Reshmi Haran: There seems to be a rampant rise in MakerLabs and courses that teach computer languages to children. Do these courses and classes really work?

 

Tan Yee Siang: MakerLabs definitely do help but more importantly, we need to understand how receptive the parents are towards it. I recall speaking to one of the parents at a MakerLab in Johor. The parent asked, “will this course help my child in securing a job in Singapore?” That whole mentality by itself is already wrong. Unfortunately, in Malaysia, we do not possess the D.I.Y thirst. There are a lot of western shows on TV that highlights individuals building their own houses and furniture. But we do not have this here. Why is that? If we can adopt at first a problem-solving mindset, the D.I.Y culture will follow through. We Malaysians tend to see a problem and complain about. We don’t see a problem and think “hey, maybe I can come up with a way to fix this or maybe there is a better way of doing this easily.” The right attitude, passion and mindset is really key here, all of which, can be taught to them so that they themselves are programmed to have the right attitude, the passion and the mindset to learn coding. These days, kids cry for laptops and iPads. Previously, it was all about using our imagination. We used to build our own castles out of pillows and blankets. We used to make some of our parents favourite food with nothing but our ‘masak-masak’ toy set and some make believe. I find that there is no imagination anymore. That is how kids learn to build stuff from raw materials. And that is how programming starts. Because it is all about creating things. Then they start becoming innovators, creators and entrepreneurs. That is the culture we NEED in Malaysia. 

 

Reshmi Haran: Why do you feel everyone should learn how to code?

 

Tan Yee Siang: In an interview with Bloomberg in August 2019, the trading division of Goldman Sachs Group Inc. shared that they are planning their biggest hiring spree in years where they are looking to add some 100 engineers for tech-related roles on the trading floor soon. Whether or not we like it, we need to understand that technological advancements require us to learn to code. The faster we can accept this, the faster we can make decisions and do the needful to remain relevant and keep abreast instead of becoming obsolete in our jobs allowing for robots or automated software to take over our roles. Programming is not something that is exclusive. For instance, designers can use programming to start automating tasks. If we can learn languages to start talking to people from other countries, why can’t we learn a language that enables us to talk to talk to computers?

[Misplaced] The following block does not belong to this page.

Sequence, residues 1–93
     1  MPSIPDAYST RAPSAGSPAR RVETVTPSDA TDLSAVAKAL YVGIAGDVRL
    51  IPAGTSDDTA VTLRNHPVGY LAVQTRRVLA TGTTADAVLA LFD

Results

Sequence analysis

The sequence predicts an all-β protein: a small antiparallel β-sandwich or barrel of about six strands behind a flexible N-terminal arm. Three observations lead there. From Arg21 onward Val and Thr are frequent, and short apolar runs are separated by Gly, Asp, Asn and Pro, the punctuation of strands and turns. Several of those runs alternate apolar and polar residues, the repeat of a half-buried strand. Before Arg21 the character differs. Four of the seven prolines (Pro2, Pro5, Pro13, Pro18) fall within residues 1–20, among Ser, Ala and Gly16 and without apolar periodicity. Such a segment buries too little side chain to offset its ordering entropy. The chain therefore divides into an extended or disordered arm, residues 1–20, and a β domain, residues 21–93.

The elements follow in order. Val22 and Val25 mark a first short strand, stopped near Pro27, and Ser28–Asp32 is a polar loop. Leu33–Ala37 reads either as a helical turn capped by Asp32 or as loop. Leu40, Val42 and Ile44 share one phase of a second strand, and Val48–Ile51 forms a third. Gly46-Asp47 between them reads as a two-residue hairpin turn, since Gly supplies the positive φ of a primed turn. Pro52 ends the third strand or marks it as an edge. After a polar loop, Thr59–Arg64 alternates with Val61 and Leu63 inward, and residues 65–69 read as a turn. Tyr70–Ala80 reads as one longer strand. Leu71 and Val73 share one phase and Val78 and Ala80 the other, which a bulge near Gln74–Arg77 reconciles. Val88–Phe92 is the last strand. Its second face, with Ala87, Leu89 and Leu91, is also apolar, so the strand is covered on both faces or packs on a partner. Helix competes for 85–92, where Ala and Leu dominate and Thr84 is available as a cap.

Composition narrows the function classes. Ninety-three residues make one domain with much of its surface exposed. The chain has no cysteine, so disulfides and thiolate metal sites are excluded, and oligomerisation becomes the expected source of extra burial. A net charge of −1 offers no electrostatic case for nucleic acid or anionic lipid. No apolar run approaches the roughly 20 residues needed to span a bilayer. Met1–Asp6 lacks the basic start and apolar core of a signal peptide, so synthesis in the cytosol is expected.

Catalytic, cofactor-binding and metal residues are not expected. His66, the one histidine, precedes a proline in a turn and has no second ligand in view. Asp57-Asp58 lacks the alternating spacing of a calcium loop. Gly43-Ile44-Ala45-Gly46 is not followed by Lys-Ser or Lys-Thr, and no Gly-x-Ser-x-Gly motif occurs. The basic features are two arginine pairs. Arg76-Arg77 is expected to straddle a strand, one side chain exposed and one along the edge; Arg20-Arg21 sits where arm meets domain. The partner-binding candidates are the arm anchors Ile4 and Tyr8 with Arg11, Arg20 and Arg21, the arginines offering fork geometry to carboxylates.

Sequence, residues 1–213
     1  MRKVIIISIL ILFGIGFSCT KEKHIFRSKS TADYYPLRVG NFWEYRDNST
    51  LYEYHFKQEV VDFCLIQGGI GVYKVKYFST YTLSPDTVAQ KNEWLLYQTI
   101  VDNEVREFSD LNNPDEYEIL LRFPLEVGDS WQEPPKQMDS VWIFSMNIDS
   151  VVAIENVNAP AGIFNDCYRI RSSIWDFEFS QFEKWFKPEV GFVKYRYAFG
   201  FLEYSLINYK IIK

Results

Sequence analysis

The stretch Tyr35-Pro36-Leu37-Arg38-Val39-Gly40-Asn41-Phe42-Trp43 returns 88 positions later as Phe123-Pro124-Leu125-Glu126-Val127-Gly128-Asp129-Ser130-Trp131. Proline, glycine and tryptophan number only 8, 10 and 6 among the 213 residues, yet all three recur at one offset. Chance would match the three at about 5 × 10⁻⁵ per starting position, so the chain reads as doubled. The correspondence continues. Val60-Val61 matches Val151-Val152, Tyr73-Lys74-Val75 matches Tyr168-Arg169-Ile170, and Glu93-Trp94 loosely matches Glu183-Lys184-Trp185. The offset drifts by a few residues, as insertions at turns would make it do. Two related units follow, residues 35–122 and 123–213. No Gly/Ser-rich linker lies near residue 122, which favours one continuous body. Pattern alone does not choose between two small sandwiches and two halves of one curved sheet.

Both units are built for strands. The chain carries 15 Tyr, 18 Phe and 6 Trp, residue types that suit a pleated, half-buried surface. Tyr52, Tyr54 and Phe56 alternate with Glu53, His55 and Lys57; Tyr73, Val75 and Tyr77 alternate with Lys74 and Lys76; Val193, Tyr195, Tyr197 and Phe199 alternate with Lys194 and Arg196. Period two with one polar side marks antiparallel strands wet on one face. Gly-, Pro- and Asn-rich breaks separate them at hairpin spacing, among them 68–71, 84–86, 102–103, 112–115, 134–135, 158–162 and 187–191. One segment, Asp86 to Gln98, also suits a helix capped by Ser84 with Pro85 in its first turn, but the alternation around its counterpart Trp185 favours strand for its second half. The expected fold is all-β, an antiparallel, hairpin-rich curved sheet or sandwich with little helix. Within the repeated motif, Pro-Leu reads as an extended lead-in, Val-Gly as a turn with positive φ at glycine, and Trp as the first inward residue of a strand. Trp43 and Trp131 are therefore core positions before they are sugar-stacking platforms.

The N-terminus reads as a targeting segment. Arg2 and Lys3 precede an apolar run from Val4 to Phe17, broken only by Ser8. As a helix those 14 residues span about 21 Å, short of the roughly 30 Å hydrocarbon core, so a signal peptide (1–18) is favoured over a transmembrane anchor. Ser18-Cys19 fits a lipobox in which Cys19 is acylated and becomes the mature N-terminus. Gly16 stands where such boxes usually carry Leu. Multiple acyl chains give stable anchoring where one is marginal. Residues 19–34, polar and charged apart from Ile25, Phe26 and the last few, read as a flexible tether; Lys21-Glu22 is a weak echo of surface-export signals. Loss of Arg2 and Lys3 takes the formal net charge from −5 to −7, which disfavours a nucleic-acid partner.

Tan Yee Siang is no stranger to the entrepreneurial ecosystem. He has vast experience in startups with his first social platform receiving funds from Cradle while he was pursuing his undergraduate degree. He later joined a software house to help in the development of patient data tracking for government hospitals. He is currently the acting vice president of the Tech & Innovation team at MaGIC who is striving to help startups through mentorship. 

 

Keen to pick Tan Yee Siang’s mind? Book a FREE mentoring session with him via MaGIC’s mentorship platform today!

 

 

Piece by Reshmi Haran

 

 

The views and opinions expressed in this writeup are those of the interviewees and does not necessarily reflect or represent the organisation, groups or individuals.